Should My Special Needs Child Be Driving?
What To Consider
Some of the things we take into consideration when it comes to driving are things you probably think about all the time, but you don’t think about them in relation to a medical condition.
We have some clients who just don’t have good impulse control. The can’t multitask, and driving is a multitasking activity, in which you have to be aware of everything around you. If I have a perceptual or visual processing problem, am I going to see a car on one side of me, and also see the car coming up from the other side? Maybe not.
Some of our clients have slow reaction times. Others will get obsessed with the radio or social media instead of prioritizing their attention on driving.
When you ask whether your child should be driving we take many different factors into consideration. I would say most of our clients who drive start driving at an older age. I think I started driving at 15 or 16, but many of our clients do not begin driving training until they’re 18. We go slowly and take a lot more practice time with them. They practice at home and we have them do a certified driving class. Sometimes our kiddos need one on one instruction, so we’ll have them do more of a private driving class. We wait a long time and have them practice a great deal before they take their driving test. Even then, there are some kids who pass their driver’s test but still struggle.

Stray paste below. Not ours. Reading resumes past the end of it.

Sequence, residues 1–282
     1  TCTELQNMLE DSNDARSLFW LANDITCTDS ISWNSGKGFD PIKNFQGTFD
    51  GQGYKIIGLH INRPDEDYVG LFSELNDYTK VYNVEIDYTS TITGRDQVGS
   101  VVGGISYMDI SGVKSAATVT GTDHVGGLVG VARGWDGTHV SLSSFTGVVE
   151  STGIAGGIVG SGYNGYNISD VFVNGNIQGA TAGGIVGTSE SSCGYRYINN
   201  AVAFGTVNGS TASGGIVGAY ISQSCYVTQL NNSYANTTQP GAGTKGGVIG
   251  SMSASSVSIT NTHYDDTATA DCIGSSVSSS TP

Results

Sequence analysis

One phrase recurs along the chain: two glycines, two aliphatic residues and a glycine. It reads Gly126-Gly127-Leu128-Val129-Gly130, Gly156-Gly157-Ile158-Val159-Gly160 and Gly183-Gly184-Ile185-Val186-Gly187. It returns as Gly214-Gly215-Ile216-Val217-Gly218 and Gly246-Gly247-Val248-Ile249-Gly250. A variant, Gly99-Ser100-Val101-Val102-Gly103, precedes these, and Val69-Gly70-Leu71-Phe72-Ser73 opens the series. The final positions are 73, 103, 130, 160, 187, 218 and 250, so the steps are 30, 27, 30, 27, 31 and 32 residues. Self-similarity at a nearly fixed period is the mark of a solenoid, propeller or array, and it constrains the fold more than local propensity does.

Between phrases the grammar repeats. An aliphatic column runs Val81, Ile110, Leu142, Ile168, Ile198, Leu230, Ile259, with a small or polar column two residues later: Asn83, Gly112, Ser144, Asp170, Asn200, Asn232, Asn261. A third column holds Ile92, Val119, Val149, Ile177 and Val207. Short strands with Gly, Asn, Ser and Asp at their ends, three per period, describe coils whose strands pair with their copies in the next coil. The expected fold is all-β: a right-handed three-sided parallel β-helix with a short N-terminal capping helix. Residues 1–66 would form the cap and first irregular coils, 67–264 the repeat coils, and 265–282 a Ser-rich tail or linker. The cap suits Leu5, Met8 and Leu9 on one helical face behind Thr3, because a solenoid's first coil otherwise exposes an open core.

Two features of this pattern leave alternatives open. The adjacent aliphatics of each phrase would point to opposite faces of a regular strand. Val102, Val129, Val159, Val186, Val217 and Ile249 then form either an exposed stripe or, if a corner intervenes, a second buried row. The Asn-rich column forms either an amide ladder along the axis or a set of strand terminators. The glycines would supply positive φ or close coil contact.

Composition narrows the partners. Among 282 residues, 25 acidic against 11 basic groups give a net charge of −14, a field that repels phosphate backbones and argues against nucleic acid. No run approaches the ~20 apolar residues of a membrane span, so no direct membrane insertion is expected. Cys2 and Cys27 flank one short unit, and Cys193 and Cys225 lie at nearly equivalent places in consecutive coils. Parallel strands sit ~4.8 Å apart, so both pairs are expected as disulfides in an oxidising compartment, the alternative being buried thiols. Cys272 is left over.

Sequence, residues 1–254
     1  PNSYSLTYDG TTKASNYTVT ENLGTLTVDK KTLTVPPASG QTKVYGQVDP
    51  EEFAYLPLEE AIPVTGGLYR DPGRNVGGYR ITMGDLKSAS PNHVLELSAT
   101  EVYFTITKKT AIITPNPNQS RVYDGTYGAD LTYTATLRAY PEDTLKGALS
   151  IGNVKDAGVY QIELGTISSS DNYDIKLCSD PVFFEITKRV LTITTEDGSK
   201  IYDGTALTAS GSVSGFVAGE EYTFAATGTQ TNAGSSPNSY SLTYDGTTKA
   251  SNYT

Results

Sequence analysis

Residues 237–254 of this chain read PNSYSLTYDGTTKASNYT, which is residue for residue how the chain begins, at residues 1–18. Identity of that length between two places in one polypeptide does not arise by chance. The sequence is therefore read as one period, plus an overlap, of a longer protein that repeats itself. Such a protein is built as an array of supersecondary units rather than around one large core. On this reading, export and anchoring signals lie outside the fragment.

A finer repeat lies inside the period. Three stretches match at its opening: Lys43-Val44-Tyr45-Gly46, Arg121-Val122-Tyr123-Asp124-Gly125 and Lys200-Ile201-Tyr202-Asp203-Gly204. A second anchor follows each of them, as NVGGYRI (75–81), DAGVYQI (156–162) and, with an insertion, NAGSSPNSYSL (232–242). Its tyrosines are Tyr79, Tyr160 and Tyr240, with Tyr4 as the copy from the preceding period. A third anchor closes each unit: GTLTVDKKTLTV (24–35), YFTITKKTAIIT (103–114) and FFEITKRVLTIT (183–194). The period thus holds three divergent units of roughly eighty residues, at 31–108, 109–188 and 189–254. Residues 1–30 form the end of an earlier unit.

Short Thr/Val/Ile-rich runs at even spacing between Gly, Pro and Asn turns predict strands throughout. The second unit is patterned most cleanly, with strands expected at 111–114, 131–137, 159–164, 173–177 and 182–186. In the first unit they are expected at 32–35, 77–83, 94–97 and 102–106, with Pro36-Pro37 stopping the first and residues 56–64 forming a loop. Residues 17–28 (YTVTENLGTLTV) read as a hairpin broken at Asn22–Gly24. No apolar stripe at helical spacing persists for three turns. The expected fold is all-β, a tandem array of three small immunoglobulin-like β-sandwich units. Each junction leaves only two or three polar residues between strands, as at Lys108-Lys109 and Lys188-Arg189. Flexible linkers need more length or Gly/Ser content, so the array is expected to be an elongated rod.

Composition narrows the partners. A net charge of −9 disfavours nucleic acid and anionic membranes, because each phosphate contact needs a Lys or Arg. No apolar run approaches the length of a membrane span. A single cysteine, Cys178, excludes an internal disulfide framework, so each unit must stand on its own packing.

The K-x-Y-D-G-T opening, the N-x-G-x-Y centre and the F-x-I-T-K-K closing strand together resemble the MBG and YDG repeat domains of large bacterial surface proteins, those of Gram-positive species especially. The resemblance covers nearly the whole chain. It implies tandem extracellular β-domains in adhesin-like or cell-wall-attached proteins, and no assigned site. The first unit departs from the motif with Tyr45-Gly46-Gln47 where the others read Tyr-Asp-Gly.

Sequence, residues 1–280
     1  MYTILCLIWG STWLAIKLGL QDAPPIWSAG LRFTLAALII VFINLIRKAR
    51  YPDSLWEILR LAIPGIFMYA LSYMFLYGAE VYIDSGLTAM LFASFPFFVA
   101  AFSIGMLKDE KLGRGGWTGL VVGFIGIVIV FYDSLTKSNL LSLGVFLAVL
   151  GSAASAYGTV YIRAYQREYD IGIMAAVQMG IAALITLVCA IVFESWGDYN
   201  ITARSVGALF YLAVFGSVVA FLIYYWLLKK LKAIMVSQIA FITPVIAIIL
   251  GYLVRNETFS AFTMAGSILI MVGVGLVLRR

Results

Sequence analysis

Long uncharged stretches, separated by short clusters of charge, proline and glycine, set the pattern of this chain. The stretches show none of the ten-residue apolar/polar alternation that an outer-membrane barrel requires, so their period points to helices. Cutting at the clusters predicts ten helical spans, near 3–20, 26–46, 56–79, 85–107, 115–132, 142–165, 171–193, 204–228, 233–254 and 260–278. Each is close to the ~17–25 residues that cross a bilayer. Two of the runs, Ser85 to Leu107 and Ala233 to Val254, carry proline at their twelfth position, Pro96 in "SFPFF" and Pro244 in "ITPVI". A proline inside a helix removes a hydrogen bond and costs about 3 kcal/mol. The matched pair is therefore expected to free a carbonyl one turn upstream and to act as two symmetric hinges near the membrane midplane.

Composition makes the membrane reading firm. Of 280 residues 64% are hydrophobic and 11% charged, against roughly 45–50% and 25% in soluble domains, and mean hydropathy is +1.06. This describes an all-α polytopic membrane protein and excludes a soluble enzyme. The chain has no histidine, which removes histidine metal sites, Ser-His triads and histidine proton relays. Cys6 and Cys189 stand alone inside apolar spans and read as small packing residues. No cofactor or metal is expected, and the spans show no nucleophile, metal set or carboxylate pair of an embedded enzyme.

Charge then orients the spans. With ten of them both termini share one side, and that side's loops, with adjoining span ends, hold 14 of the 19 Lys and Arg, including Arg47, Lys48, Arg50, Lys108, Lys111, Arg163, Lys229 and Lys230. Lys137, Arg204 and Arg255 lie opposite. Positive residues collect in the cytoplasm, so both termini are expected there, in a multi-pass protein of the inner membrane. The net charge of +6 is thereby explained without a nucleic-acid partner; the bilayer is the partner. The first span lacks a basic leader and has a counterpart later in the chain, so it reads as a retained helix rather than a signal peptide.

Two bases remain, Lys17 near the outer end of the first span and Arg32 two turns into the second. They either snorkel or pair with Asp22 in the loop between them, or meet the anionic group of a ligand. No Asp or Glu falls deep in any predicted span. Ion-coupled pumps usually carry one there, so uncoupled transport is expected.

Even once they’re driving you have to be mindful of the fact that some of them go into fight or flight mode easily, so their reactions to things are more severe.
Specialized Driving Courses
There are some specialized driving courses available, but these are geared more towards people who have had brain injuries or strokes and are getting back into driving. Baylor Scott & White has one, and if you want to pursue this for your child we can give you that information.
Sometimes this is just a process of working with your gut and just doing a lot of driving with you in the passenger’s seat—which is not always a comfortable thing to do!
My son has struggled with driving. He’s had a few accidents and he’s learned over time that he has to pay attention. Even though he has the ability to drive, he also has to manage to be attentive to all situations. He has to consider traffic jams and the many other unpredictable things that happen. This can be difficult for our kids.
Talk To Your Child’s Therapist
So if you’re wondering if it’s time for your child to start driving lessons, talk to your clinicians! Your PTs and OTs are going to have a much better idea of your child’s abilities in this area, and how all the different factors that are going on with them related to their disability might impact their driving.
The great thing about this day and age is that people can get around easily without driving! You can teach your kids to use Uber, or use public transportation, biking—there are many options!